Monday, November 14, 2016

S is for Swift

ABC Wednesday
November 16, 2016

The letter is S, for SWIFT

Monday morning I awaken full of enthusiasm for working in the Loom Room.

I have a naked loom which must be dressed, and the first task is to turn skeins into balls that I can wind a warp with.

I use my UMBRELLA SWIFT


and while I am busy doing this humdrum task my mind wanders to other things I must do today.....ABC wednesday flits through my mind, - along with S, - for the Swift I am using,... for the bird who lives mostly in flight....for the essay and satirist, Jonathan Swift.  I am on to something!!!!

The Swifts are the most aerial of birds and the larger species are among the fastest fliers in the animal kingdom.  Even the Common Swift can cruise at 70 mph.  Compared with typical birds swiftlet wings have proportionately large wingtip bones and by changing the angle between the wingtip bones and the forelimb bones they are able to alter the shape and area of their wing, maximizing their efficiency and maneuverability.  Like the hummingbird they are able to rotate their wings from the base.

They have a short forked tail and very long swept-back wings that resemble a crescent or a boomerang.  Most of their lives they spend in the air, - catching insects on the fly and even sleeping aloft.
The nests of many species is glued to a vertical surface with saliva, and the genus Aerodramus use only that substance, which is the basis for bird's nest soup. Over harvesting of this expensive delicacy has led to a decline in the numbers of these swifts.  Remember that when next you order Bird's Nest Soup...


The other Swift I am familiar with is Jonathan, the essayist, satirist, political writer and clergyman.  He was born in Dublin on November 30th, 1667.  His father died two months before he was born and as a consequence his mother, hoping to give him every chance possible, gave him over to Godwin Swift, her late husband's brother, and an attorney.  After an impressive education Jonathan Swift turned to writing and to the priesthood.  His first political pamphlet was titled A discourse on the Contests and Dissentions in Athens and Rome. Further writing earned him a reputation in London and the Tories asked him to become editor of the Examiner, their official paper.  After a time he became fully immersed in the political landscape and began writing some of the most cutting and well-known political pamphlets of the day,  When the Tories fell from power Swift returned to Ireland and took the post of dean at St. Patrick's Cathedral in Dublin.

While leading his congregation at St. Patrick's Swift began to write what would  become his best known work, Gulliver's Travels.  The book was an immediate success and hasn't been out of print since its first run,  which is quite a record!!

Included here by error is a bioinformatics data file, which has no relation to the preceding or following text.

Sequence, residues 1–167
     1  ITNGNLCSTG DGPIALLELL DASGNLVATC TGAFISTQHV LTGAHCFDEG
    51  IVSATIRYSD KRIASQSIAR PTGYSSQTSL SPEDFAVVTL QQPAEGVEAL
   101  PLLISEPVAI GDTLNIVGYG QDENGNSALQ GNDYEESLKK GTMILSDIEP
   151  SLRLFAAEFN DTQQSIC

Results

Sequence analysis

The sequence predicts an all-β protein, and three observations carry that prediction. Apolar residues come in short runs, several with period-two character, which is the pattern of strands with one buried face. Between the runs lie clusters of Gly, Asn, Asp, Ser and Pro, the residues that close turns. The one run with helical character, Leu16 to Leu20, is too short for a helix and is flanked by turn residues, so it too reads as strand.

Gulliver's Travels is an adventure story involving several voyages of Lemuel Gulliver, a ship's surgeon, who, because of a series of mishaps en route to recognized ports, ends up instead on several unknown islands living with people and animals of unusual sizes, behaviors, and philosophies, but who, after each adventure, is somehow able to return to his home in England where he recovers from these unusual experiences and then sets out again on a new voyage. Here is a little taste of his first voyage, and if you haven't read Gulliver's Travels yet find a copy and find out about his adventures with the Brodnagians, and others.




More interesting Ss here at ABC Wednesday
with thanks to Roger, Denise and Leslie
as well as their Super helpers

(The Super Moon is shining down upon me as I write this)









8 comments:

The Weaver of Grass said...

A young swift, just learning to fly, landed on our lawn last Summer. I picked it up and it really has no feet and legs to speak of - they are certainly not designed to stand on the ground. I took it into the field and held it on the palm of my hand and then launched it into the air. It was a lovely feeling.

Hildred said...

Oh yes,Pat. Lovely, and for the bird too. WE have swallows but I don't believe swifts frequent our valley.

Melody Steenkamp said...

lovely collection of s;s put together... I love birds so swallows , although rarely seen, are part of my favourits

Have a wonderful ABC-day / – week
♫ M e l ☺ d y ♫ (abc-w-team)
http://melodymusic.nl/a-b-c-wednesday-19-s/

photowannabe said...

I learned a new definition today. I had no idea the Skein winder was called an Umbrella Swift.

Reader Wil said...

I also readGulliver's Travels.. Lovely story and easy to read. How clever you are to work with a loom.

Sallie (FullTime-Life) said...

I learned another meaning for swift. And another reason never to try birds nest soup ))) (not that I would ever have been tempted, even if I had ever seen it on a menu ). And I was reminded of another book to add to my never-to-be-finished list of books I know quite a bit about but have never actually read. (My self-education project has a way of getting derailed by the latest mystery or best seller.).

Roger Owen Green said...

never heard of an umbrella swift
ROG, ABCW

Joy said...

I look forward to the return of the swifts next year although they tend to be outnumbered by swallows and house martins. Love the naming of the umbrella swift.